While our American friends are celebrating Thanksgiving and taking a holiday for two days, ‘Down Under’ we are very busy completing the last few weeks of our school year and looking forward to our six week summer holiday!
This morning I have been working with two of our four Year 7 classes on their GID unit of work ‘Ancient World depth study: China‘ and helping them finish off their reports before selecting a way to share their work – so far we have a selection of web pages, poems, songs and there will no doubt be a prezi or two!
But I digress – In my last blog post about the Year 5 Global Connections unit of work we arrived at the vital stage of ‘Evaluate‘.
This unit of work became extremely large and our time was very limited. We did, however, take the time to evaluate! This is very important so that a second cycle with another class can build upon what took place this time and improve on what was already so exciting!
The teaching team had already discussed quite a few aspects during the process.
One idea was to give certain students, with special learning needs, tasks that would allow them to absorb more knowledge without having to write as much. One boy we decided, who loves using cameras, should have been given the video management role so that as he edited he would have learned a lot more than through doing his own research!
Students could also have worked in groups, with a leader allocating tasks, so that some students could work on the logo, another on the script in partnership with those working on goals and motto etc.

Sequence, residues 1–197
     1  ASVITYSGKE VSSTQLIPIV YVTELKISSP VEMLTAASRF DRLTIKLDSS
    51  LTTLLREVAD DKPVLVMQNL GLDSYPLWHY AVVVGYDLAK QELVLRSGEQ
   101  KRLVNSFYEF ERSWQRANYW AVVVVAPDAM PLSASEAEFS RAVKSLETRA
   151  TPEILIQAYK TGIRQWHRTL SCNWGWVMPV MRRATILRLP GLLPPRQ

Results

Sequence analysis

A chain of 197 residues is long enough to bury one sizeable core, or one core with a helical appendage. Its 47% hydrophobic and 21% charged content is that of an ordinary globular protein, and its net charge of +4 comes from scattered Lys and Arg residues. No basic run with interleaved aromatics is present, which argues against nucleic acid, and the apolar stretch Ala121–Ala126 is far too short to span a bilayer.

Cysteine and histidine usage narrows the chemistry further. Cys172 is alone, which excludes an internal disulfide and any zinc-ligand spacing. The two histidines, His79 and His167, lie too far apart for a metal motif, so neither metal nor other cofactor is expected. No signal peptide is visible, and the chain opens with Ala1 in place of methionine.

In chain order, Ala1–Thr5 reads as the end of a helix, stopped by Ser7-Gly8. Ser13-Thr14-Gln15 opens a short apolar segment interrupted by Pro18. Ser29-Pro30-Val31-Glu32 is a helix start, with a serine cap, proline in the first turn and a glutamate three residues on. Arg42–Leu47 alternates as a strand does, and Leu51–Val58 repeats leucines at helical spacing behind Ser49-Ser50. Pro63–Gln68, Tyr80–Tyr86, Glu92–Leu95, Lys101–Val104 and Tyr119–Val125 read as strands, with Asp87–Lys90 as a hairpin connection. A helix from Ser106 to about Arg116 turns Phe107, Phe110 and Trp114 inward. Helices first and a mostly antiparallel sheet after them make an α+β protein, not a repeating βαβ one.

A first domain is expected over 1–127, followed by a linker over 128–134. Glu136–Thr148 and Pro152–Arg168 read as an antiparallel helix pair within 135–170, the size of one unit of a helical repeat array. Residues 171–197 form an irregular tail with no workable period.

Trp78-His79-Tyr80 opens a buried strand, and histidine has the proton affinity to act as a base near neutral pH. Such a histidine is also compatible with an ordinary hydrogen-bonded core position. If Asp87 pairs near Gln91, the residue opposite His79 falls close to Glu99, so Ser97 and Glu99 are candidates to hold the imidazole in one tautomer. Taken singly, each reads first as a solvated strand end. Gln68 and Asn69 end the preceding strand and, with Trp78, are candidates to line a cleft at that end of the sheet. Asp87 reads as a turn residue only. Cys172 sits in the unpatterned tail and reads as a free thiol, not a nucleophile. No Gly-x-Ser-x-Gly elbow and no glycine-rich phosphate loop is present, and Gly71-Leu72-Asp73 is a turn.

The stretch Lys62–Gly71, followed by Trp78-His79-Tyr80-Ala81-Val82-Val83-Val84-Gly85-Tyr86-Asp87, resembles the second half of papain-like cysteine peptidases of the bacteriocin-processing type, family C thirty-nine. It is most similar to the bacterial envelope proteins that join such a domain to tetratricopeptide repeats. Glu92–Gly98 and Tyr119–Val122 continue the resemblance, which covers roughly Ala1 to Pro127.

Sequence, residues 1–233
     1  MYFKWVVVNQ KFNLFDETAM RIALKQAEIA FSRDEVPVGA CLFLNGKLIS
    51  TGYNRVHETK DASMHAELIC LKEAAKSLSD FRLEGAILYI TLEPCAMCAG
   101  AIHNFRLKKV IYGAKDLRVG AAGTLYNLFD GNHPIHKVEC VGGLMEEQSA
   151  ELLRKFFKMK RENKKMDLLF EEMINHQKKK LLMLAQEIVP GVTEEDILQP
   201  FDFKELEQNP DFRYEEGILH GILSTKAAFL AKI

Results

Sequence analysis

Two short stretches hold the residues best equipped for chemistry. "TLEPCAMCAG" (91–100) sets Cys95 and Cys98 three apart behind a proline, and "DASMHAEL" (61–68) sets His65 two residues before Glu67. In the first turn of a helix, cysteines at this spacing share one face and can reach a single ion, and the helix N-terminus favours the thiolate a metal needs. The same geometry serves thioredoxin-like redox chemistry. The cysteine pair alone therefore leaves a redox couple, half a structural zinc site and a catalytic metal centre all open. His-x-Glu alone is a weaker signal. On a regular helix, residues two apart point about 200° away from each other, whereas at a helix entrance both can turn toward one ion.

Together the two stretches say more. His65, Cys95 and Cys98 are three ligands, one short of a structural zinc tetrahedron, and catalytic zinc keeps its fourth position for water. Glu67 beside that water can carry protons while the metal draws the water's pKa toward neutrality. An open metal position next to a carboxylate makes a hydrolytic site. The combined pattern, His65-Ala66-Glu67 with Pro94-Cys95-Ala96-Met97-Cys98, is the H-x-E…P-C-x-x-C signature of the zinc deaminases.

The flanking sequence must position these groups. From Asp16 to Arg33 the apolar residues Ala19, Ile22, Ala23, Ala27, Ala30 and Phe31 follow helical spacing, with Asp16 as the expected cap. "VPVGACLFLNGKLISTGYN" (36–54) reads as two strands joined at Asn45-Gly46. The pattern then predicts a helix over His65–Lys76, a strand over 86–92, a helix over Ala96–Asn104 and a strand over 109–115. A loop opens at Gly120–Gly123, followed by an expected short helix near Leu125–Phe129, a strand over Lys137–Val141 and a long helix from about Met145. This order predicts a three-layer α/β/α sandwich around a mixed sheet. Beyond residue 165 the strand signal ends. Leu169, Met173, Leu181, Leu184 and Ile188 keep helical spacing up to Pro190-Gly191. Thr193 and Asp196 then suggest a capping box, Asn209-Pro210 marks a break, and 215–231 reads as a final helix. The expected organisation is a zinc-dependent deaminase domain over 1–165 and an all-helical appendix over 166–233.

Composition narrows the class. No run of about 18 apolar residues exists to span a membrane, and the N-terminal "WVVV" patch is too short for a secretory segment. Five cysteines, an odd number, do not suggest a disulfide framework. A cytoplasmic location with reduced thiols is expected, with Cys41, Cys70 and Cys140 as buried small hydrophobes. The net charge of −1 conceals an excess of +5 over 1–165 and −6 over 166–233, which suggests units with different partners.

This would have saved a lot of time but we were also aware of just how proud each student was of their individual achievement that they could then share with the others. Some of these activities, though, were also used to achieve outcomes in other subject areas such as Art.
We decided to evaluate the students and the teaching team but we also received unexpected comments from parents.
Students: Based on de Bono’s hats
Catherine decided on a wonderful way to ask the students to reflect on their learning. After telling them all about de Bono’s thinking hats she had them work their way around the room in groups to tables that held coloured pieces of cardboard. They all wrote comments on these and the teaching team, including a special needs teacher, circulated to assist in some of the ‘harder zones’.
A timer ‘bomb’ App on the white board kept the students focused to achieve a comment in the limited time before the massive explosion!
I collected the cardboard and notated the comments so that we could discuss this together later.
Teaching Team: Catherine and I discussed at length together – what went well and what needed fixing. I interviewed her and her responses were recorded and are stored here:
Student achievement: https://vimeo.com/128838865
Student Engagement: https://vimeo.com/128838303
Integration and evaluation: https://vimeo.com/128837052
Teacher Librarian Collaboration: https://vimeo.com/128837051
Integration and ‘Thinking’ Questions: https://vimeo.com/128837050
The Year 5 parents were amazed by the enthusiasm of their children throughout this whole unit of work and after their attendance at the “Summit” we received these two emails:
SHARE again – Widely!
I was invited to speak at the NSW annual conference of the Teacher Librarian Professional Learning Community. The topic I spoke on was TL – changing pedagogy to increase student engagement and learning.
I decided to invite along Catherine and also one of the students with his parents. I gave them half the time and we all spoke about our learning experience on this unit. Needless to say, a number of teacher librarians became convinced that Guided Inquiry Design, collaboratively taught and with the assistance of the teacher librarian certainly engages students but also increases their learning across many areas.
This GID unit of work really was a wonderful learning experience for us all!
Stay tuned for my final general GID wrap up reflections later in the week.
Alinda Sheerman (Broughton Anglican College, Menangle Park, NSW Australia)